Share this info...

Excessive lumbar flexion is widely recognized as a common mechanism of lower back injury. As such, minimizing spine flexion in an attempt to reduce tissue stress is a primary objective in the treatment of many back pain patients. And this needs to be done as early as possible in the treatment process.

However, most of these patients have developed poor movement patterns that utilize spine flexion over hip flexion. Instructing patients to simply stop these movements is not going to cut it. Most of these patients lack the ability to do this.

These deficient patters are can be related to physical impairments. Most commonly these will include restrictions in the posterior hip or hamstrings that limit hip flexion mobility. Trunk extensor weakness is also common.

But movement patterns are not just dictated but strength or flexibility parameters.  They are deeply ingrained habitual patterns that are learned over time. Restricted or weak muscles are part of the patterns that need to be addressed. But patients also need to specifically re-train the offending movement pattern.

In this case, they need to learn how to bend forward with the hips, not the spine. That’s where the hip hinge progression comes in.


The Hip Hinge Progressions

The hip hinge is a series of exercises that can be used to help patients learn to move through the hips while at the same time holding the lumbar spine stable. Essentially we are trying to train the trunk to bend  forward utilizing hip flexion while the spine remains in a neutral posture.

What follow is a series of 3 exercises to help patients learn to bend forward on the hips.  Patients should do these exercises as part of a formal exercise/rehab program. But they should also try to use this hip hinge pattern with daily activities to spare the spine and reduce stress to damaged or vulnerable tissue.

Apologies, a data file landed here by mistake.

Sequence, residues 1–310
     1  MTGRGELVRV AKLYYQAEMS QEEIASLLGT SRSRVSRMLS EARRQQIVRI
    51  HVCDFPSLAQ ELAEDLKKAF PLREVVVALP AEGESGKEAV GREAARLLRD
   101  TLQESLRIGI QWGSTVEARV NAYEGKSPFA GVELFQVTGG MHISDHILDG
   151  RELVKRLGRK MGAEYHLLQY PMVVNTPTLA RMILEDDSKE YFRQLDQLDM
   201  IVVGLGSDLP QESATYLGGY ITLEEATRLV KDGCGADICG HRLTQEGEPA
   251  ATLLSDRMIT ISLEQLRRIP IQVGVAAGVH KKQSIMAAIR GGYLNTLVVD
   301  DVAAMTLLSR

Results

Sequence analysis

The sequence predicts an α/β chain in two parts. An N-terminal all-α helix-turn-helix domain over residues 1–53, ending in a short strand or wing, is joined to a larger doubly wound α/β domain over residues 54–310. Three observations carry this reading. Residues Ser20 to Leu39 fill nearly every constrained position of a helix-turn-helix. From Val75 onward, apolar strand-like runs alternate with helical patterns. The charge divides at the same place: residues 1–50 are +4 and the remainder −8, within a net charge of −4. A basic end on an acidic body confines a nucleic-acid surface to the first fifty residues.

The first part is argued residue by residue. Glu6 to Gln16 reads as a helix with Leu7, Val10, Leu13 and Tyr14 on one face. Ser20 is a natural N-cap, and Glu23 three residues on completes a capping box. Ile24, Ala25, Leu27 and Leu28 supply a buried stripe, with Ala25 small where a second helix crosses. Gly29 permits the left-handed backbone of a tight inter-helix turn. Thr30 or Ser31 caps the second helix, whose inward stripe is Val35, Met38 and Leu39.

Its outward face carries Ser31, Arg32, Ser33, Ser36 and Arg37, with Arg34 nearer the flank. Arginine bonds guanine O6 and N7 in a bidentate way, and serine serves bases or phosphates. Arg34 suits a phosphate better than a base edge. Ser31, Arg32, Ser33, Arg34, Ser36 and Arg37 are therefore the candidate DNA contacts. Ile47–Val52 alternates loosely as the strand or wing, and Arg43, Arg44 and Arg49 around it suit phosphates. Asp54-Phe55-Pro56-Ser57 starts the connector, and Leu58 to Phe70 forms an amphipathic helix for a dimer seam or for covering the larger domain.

Quad Rock with Anterior Pelvic Tilt

With the hip hinge we are trying to teach the patient how to move the trunk on the hips. To do this we start in the quadruped position and simply rock the hips back towards the heels.

The key here is to not allow the lumbar spine to flex. To prevent this instruct the patient to hold a slight anterior pelvic tilt (APT) and abdominal brace during the movement. The APT acts to engage the multifidi and deep paraspinals which will stabilize the lumbar spine and focus the motion at the hips.

As the patient rocks back and forth they need to focus on feeling the motion at the hips. This helps to learn how it feels to move through the hips with a stable spine. The next exercises build on this base movement.


Kneeling Hip Hinge

The next step is to move to a more upright posture. This is done with the Kneeling Hip Hinge  exercise. Performing this movement from the knees takes the feet and ankles out of play. This simplifies the movement so the patient can focus solely on the hips and trunk.

The key with this exercise is to focus on the shoulders and trunk leaning forward as the hip slides back towards the heels. Once again, a slight APT and abdominal brace can be held to stabilize the spinal joints.

A dowel or broomstick can be held lengthwise along the spine to help provide feedback.  The dowel will contact the sacrum and mid thoracic spine (and hopefully the head), with the hand holding the dowel resting against the lower back. If the broomstick looses contact with the spine as the patient bends forward it signals a faulty movement.

Augmented feedback plays an important role in re-training movement patterns. In this case the dowel provides an objective indicator of success or failure. Failure keys the patient that they need to alter the movement. Success reinforces the desired pattern.

Standing Hip Hinge

Finally we take the principles learned in the previous exercises and apply them to the full upright position. This is done with the Standing Hip Hinge exercise.

Again, the focus is on the hips moving back as the trunk and shoulders move forward. This hips back/shoulders forward pattern keeps the center of mass over the feet. The patient usually needs to be cued that it is OK to flex the knees with this movement.

Just as the previous exercise, a broomstick or dowel can be used to provide feedback.  In the initial stages the focus is on quality of motion, not range. As the patient develops more competency they can work on bending further towards the floor. The dowel can also be removed.



Share this info...